Adept at using Web 2.0 communication tools, many Singaporeans, especially the young, have blogs and Facebook accounts. With the ubiquity of recording devices and widely and freely available editing software, you can shoot a film on your handphone or digital camera, edit it on your computer, and publish your work instantly on the web – on your blog, on your Facebook and share them with friends or on YouTube where the rest of the world can view them.
The texture of our society has also evolved. With better education and greater exposure to the world through travel, globalisation and the Internet, our generation of young Singaporeans today are different. They want more of the following – space for political discourse, greater engagement with the Government, and their views to be taken seriously by the Government.
It is therefore important that the Government learns to make better use of the medium of film and new media tools to reach out and engage, inform, educate and obtain the views of media-savvy Singaporeans.
Global trend
In other countries, we have seen how new media and social networking tools have been used in political discourse.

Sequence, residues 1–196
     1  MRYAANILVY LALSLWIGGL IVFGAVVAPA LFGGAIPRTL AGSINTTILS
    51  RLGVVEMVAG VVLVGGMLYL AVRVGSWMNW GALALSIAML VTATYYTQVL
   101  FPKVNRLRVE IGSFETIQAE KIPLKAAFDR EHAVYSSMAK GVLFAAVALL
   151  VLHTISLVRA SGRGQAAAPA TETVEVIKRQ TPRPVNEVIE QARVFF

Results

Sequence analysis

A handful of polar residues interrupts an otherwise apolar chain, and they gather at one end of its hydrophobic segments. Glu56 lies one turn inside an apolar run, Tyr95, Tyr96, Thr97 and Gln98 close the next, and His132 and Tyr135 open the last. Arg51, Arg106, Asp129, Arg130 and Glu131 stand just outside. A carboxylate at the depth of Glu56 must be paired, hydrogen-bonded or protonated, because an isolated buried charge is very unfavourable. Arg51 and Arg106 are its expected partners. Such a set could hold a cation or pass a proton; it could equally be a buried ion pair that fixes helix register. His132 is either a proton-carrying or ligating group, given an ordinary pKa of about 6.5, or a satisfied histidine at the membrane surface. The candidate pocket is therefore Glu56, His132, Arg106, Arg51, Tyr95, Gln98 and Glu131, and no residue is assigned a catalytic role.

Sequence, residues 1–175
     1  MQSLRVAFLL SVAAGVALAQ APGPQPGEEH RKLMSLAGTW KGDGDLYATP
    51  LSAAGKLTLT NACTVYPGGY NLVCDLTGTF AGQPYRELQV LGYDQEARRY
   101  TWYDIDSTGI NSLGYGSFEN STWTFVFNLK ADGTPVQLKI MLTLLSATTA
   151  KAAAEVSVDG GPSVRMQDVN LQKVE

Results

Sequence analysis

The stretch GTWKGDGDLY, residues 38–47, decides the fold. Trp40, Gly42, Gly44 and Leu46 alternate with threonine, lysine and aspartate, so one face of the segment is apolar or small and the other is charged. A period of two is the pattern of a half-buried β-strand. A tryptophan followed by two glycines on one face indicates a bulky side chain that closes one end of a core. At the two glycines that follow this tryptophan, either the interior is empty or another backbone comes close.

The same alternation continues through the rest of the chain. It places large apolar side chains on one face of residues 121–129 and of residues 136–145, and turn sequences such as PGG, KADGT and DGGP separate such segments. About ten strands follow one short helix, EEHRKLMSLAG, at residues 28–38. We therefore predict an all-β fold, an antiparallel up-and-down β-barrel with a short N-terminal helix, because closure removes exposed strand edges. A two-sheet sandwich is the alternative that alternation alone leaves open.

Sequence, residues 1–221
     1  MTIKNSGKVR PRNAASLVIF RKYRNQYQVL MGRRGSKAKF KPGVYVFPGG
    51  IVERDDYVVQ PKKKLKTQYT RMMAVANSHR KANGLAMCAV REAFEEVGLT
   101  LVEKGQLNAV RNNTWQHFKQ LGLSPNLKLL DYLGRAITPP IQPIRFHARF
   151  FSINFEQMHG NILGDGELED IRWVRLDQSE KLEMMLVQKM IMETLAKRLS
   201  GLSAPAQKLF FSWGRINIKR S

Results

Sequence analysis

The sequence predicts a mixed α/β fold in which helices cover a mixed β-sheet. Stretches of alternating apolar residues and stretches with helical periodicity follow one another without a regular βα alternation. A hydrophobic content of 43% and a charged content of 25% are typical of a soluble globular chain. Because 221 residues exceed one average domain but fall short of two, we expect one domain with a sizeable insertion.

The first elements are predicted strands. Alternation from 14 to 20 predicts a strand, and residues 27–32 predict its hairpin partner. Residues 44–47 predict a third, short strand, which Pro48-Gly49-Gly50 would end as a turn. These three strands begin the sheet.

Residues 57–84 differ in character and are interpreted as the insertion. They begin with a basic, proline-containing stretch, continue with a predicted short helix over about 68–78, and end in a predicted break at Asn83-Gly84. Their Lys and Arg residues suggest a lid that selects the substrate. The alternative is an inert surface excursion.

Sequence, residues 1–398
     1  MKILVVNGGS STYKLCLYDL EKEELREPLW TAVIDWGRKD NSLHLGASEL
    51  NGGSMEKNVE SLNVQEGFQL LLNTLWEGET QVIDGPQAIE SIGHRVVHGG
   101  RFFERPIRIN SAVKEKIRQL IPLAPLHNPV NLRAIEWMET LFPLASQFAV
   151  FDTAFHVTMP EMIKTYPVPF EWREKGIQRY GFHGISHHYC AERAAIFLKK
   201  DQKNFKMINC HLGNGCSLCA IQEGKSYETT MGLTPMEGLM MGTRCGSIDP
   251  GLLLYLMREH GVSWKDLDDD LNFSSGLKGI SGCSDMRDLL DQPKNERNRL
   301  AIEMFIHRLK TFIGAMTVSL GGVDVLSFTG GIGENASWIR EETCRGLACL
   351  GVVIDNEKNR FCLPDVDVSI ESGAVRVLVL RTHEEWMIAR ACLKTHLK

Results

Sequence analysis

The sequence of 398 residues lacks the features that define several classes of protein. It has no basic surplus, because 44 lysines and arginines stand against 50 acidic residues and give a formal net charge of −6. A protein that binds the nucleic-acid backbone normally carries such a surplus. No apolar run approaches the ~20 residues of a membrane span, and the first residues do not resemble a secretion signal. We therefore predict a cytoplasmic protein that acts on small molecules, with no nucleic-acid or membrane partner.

In the 2007 Australian elections, which were dubbed the “Facebook Elections” - Facebook was used extensively by Kevin Rudd, now the Prime Minister, to reach out to young voters.
The US presidential elections last year was dubbed the “YouTube Elections”. Presidential candidate Barrack Obama had used YouTube extensively and a spectrum of new media platforms from Flickr to Twitter, to connect with different groups of voters.
Closer to home, the last Malaysian elections also saw extensive use of new media tools and videos by interested parties. While some videos were factually true, many were deliberately misleading and calculated to arouse and stir emotions by portraying only a certain viewpoint and selecting only certain extreme shots.
Indeed, this is one of the downsides to politics conducted over the Internet – videos and advertisements edited deliberately to distort what was said, to cast doubt and to push a certain agenda. Knowing that it was impossible to correct every untruth on every site, Obama set up one website called “Fight the Smears” in an attempt to set the record straight on rumours, gossips, half-truths and lies which were pervasive over the Internet.
Therefore, while videos, films and new media can be widely used and can improve communications, we must be mindful that they can be easily abused. This is the reason why, even as we liberalise, there needs to be some safeguards to minimise the risk that they will be exploited and to reduce the undesirable effects.
Why only certain party political films are allowed under amended Films Act